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Undergrad applications increase by almost 1,000

By web

Section: News

March 26, 2010

Brandeis received the largest number of applications in university history this year despite campus-wide fears that the university’s widely publicized financial crisis would have a detrimental effect on applications. The 7,738 applications, up from last year’s 6,815 applications, have also allowed the admissions office to maintain a selective acceptance rate at 33 percent even as the office keeps with its plan announced last year to increase the student population by 400 students by 2014.

“Despite the tough economy and tough headlines Brandeis endured in the last year, potential students and their families recognize the value of the education they can receive here,” University President Jehuda Reinharz wrote in a campus-wide e-mail.

Last year, the university’s acceptance rate was 40 percent with the mean SAT score of 1392. This year, the acceptance rate dropped by 7 percent and the mean SAT score rose to 1400.

Senior Vice President for Students and Enrollment Jean Eddy said the lowest the university’s acceptance rate has ever been was 32 percent for the class of 2012.

“We want to get back to that,” Eddy said.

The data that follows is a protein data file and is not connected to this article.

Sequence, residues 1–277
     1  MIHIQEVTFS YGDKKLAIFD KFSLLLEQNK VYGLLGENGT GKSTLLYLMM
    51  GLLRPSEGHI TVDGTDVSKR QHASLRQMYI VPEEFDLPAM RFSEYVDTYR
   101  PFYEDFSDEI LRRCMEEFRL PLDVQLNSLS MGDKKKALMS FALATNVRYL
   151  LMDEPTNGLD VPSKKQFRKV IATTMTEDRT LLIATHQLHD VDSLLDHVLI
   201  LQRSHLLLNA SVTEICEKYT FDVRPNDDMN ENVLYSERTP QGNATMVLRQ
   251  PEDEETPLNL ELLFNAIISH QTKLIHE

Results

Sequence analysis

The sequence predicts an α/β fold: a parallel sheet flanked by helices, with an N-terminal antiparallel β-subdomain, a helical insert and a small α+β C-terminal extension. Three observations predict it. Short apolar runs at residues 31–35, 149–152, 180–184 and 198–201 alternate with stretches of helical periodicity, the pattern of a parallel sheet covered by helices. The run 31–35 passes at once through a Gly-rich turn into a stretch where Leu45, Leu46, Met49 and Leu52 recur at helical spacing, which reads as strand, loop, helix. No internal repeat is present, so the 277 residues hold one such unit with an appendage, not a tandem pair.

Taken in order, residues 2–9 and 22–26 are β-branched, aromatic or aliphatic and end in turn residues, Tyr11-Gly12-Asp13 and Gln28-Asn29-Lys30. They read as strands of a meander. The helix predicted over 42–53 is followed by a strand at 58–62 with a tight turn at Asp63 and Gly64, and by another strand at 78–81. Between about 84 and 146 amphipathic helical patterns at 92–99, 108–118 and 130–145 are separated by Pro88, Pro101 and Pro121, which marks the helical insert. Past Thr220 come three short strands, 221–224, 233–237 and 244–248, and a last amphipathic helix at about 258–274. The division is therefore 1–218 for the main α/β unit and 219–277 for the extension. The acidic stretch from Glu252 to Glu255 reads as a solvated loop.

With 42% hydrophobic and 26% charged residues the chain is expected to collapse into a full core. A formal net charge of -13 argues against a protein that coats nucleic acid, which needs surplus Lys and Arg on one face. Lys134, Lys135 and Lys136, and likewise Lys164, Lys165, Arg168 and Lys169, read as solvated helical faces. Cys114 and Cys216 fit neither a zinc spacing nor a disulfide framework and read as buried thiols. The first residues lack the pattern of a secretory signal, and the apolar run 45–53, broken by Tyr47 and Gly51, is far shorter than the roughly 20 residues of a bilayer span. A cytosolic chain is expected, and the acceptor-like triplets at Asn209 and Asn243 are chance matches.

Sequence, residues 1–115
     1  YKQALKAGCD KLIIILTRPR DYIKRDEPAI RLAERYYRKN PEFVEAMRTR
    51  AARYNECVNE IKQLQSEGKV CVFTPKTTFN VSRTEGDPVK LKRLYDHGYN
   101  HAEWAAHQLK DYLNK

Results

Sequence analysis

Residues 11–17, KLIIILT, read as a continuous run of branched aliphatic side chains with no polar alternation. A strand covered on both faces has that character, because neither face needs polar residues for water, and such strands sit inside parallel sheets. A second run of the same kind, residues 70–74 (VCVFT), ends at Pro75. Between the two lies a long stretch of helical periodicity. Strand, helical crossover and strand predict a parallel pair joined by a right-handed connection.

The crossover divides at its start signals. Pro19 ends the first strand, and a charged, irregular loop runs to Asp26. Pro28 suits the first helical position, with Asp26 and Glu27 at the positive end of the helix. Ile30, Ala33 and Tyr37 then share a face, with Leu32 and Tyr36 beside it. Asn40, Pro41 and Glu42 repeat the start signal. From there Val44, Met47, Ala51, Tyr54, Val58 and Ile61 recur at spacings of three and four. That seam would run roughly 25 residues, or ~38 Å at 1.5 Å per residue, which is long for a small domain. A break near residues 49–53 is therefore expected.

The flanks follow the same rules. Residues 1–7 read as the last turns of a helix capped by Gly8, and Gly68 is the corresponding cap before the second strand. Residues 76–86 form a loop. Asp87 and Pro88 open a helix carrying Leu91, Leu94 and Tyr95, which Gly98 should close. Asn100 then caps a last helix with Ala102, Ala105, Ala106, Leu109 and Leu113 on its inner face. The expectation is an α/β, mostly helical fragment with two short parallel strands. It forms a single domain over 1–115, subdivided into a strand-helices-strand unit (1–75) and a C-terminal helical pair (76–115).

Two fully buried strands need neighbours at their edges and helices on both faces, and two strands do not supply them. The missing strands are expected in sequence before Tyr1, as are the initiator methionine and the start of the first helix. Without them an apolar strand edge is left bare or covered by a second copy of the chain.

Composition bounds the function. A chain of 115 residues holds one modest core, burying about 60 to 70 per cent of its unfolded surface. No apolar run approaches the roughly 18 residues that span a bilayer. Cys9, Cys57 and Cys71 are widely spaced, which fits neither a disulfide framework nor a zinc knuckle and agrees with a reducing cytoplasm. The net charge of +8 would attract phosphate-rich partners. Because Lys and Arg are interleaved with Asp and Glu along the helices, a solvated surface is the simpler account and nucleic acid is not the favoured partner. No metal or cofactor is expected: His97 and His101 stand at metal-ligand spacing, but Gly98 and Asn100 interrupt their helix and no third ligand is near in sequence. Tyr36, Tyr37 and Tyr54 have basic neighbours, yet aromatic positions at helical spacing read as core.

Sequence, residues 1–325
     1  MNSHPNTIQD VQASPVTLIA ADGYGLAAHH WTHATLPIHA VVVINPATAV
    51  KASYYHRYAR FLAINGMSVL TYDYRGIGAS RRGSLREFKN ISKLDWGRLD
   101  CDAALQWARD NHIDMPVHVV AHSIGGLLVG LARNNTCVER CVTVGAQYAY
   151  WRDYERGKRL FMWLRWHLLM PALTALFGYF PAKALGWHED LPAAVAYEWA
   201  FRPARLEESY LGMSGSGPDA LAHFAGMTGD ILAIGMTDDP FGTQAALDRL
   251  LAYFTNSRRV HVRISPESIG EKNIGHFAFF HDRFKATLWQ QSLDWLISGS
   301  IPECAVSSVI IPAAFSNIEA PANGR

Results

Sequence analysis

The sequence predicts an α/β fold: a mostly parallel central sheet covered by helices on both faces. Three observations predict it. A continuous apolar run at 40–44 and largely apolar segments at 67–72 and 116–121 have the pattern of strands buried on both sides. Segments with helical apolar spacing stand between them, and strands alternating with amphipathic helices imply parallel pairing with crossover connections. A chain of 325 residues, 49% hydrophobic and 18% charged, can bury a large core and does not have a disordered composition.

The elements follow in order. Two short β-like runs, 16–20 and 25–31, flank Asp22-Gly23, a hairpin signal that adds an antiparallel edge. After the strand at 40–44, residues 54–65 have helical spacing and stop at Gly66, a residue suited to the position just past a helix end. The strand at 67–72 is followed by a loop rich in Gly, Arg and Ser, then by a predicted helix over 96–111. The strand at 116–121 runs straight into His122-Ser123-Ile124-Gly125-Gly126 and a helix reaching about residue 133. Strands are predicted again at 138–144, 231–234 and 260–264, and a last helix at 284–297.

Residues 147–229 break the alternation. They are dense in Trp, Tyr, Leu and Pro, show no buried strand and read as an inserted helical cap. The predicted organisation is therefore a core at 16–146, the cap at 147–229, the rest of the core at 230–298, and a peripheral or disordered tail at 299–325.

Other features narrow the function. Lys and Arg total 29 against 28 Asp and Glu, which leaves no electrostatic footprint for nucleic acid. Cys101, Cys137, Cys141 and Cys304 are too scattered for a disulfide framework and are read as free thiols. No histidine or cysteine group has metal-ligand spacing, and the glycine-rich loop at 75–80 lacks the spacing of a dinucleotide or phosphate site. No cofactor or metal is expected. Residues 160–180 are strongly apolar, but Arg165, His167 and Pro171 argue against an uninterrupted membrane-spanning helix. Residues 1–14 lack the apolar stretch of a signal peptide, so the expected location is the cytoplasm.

International applications increased from 1,211 to 1,599, and applications from students of color increased from 1,706 to 2,111.

Though international applications increased, the admissions rate for international students did not. Last year the number of international students accepted rose by 20 students, in part because admissions for international students is not need-blind. While the same number of international students were accepted this year as last year, the number is still considerably higher than in the past.

“Our hope is to maintain the number of international students that we had last year,” Eddy said. “It’s already high enough. We have no plans to increase that number.”

Eddy told The Hoot in the e-mail that number will probably manifest into 10 to 20 more international students in the class of 2013 who “will bring additional insight about their cultures and customs” to the university.

Applications to the Heller School IBS also increased. Heller saw a 10 percent increase, while IBS reported a 14 percent increase in applicants.

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